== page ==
MARCH 20, 2000 VOLUME 7, NUMBER 38
Suppose your adult son is disabled and receiving both financial and medical assistance from the government. While you do not consider yourself wealthy, you have worked hard all your life and managed to build a modest estate. If you leave your disabled child his share of your estate he will lose his government benefits, and the money you saved for him will soon be consumed in paying his medical bills and care costs. Is there any way to help your son without disrupting his benefits?
Parents of disabled children face difficult choices when they complete their own estate plans. On one hand it might seem reasonable to simply disinherit the disabled child and rely on the public benefits system to provide for their future needs; the parent’s estate may have a larger beneficial effect if it is distributed to the non-disabled children instead. Parents may also choose to rely on those non-disabled children to help provide for their disabled siblings with some of the money they inherit. Depending on individual family dynamics, disinheritance of the disabled child may seem like the most logical choice.
Most commonly, though, parents of disabled children want to treat all of their children equally—or at least come as close to equal treatment as is possible. In most cases, however, any share of the parent’s estate which will be attributed to the disabled child should be held in a trust that provides only for "luxuries" for that child. Such a trust is sometimes called a "Special Needs" trust, and is established to provide assistance but not interfere with eligibility for continued public benefits like Supplemental Security Income (SSI) and Medicaid (or, in Arizona, AHCCCS or ALTCS).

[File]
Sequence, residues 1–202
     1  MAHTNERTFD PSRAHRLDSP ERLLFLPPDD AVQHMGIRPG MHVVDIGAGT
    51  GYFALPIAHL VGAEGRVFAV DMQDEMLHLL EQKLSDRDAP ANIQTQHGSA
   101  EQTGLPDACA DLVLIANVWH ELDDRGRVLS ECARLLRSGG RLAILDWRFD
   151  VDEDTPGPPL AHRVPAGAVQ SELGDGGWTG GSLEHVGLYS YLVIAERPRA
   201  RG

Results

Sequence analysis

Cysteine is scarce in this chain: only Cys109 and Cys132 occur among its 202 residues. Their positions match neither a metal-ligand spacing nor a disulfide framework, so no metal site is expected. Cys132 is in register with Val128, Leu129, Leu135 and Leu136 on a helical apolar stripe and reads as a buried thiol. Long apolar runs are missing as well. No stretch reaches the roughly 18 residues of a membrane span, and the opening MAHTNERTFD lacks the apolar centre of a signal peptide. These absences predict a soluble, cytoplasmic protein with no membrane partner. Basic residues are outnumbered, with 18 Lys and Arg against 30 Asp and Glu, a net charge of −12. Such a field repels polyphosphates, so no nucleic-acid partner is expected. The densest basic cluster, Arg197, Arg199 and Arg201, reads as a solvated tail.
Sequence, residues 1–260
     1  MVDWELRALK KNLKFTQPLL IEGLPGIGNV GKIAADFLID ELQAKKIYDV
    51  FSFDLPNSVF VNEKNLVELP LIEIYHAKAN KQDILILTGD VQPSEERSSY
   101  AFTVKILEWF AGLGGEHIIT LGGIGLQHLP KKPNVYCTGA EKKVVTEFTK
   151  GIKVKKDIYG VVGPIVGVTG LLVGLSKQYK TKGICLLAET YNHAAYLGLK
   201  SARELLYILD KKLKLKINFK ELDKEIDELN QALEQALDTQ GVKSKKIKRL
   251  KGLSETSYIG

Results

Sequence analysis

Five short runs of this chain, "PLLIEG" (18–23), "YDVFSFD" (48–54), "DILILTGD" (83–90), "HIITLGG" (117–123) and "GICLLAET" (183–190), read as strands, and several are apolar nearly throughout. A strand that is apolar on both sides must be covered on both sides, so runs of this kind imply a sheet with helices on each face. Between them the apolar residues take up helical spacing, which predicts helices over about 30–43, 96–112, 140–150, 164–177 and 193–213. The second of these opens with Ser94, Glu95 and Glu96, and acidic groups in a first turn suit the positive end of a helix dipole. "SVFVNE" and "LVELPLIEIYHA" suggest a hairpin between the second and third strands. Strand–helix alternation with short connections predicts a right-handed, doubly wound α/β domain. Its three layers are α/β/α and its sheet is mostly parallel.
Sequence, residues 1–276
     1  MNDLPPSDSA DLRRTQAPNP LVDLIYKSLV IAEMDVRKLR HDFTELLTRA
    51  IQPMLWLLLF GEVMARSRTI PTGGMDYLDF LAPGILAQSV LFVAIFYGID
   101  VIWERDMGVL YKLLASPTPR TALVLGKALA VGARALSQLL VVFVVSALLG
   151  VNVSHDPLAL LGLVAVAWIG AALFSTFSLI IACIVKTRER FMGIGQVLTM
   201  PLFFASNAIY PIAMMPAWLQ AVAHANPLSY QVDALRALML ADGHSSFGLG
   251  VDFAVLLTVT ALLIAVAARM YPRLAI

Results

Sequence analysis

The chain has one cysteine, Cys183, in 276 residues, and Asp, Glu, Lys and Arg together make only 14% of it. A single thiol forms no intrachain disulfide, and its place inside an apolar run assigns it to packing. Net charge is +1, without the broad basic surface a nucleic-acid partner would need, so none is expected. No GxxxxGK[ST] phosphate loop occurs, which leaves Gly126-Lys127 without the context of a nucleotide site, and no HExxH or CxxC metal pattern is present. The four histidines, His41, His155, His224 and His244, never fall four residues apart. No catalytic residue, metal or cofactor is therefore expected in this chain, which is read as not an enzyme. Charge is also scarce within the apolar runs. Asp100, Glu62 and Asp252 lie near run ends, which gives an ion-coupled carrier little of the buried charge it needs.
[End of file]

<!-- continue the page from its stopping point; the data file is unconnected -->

Though recent changes in federal and state law have made the rules more difficult for some Special Needs trusts, those rules do not affect trusts set up for inheritance purposes. A properly drafted Special Needs trust is allowed to provide additional therapy, entertainment, education, travel, assistance with medical care, companionship and a host of other benefits to make life more comfortable for the disabled child without disrupting SSI or Medicaid eligibility. But such trusts are not automatic—if you fail to plan in advance, your child’s share may result in a loss of SSI income, medical care and even eligibility for group home placement and other assistance.
It is important to get good legal advice before establishing a Special Needs trust. For example: if benefits come solely from Social Security Disability Insurance (SSDI) and the federal Medicare program, a different trust arrangement may be more appropriate. Your attorney needs to be familiar with government programs, and must have complete information before making a recommendation.